If you or an elderly relative is hiring someone to provide care in their home, you should be aware that the “nanny tax” may apply.
Generally, the tax applies if you hire someone and pay them $1,700 or more a year. Here’s what’s involved:
- You must pay the employer’s share of Social Security and Medicare taxes for the employee. That’s 6.2% of wages for Social Security and 1.45% for Medicare.
- You must also withhold the employee’s share of these taxes and pay that, too. The amounts are the same, except that for 2011 the employee’s Social Security tax is reduced to 4.2%.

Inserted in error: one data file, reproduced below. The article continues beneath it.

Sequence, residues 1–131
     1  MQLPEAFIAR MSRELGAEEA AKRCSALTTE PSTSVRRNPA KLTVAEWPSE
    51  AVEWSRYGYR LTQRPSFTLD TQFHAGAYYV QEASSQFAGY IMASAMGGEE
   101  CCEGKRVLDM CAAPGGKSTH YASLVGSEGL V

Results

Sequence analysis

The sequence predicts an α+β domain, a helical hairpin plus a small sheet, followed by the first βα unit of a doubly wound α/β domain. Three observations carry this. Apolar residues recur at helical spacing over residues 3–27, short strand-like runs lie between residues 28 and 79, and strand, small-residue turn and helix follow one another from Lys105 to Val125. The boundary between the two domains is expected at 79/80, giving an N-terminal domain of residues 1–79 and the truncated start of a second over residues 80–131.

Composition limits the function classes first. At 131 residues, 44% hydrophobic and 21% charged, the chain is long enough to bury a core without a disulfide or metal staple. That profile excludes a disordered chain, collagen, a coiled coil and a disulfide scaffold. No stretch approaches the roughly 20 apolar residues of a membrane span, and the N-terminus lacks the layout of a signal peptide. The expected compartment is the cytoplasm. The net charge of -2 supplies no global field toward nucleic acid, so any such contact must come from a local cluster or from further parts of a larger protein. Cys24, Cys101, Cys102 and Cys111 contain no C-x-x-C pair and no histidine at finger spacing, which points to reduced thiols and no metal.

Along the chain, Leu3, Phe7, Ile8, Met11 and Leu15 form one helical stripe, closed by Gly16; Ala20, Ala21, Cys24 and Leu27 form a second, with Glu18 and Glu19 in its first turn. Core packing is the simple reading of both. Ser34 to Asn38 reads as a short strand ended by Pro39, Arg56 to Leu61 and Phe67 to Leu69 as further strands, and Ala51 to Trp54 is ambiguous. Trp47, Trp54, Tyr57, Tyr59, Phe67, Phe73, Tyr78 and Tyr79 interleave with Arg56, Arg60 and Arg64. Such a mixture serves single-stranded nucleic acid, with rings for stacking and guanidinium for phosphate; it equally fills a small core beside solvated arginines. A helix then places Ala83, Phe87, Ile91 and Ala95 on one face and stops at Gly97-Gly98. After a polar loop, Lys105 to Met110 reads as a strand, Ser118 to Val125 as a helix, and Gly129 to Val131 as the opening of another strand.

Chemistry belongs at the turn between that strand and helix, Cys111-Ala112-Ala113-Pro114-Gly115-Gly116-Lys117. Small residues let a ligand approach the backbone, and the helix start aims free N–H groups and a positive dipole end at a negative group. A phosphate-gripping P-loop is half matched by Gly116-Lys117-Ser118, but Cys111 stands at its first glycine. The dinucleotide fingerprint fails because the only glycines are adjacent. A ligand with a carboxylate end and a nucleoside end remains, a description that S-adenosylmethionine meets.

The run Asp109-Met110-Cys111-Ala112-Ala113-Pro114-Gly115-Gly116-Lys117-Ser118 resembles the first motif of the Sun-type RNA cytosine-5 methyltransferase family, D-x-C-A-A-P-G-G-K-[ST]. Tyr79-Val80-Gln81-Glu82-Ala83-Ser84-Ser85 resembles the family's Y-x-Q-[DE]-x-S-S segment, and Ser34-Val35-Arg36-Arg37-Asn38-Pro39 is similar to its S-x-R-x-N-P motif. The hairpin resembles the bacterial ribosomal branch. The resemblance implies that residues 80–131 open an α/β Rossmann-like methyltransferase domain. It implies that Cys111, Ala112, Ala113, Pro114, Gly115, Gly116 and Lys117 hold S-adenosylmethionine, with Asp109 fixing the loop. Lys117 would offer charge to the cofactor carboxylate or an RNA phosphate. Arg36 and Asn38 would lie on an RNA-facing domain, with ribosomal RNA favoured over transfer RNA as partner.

- In addition to these taxes, you may have to pay a 6.2% federal unemployment tax if you pay someone more than $1,000 in a calendar quarter. You might be able to take a credit against this of up to 5.4%, but on the other hand you might also have to pay state unemployment taxes.
- If asked, you might also have to withhold federal and state income taxes from the employee’s pay.
Sound complicated? It is! But remember that these rules apply only if you hire someone directly. If you pay an agency and the agency pays the caregiver, then you’re off the hook because the agency has to do the paperwork.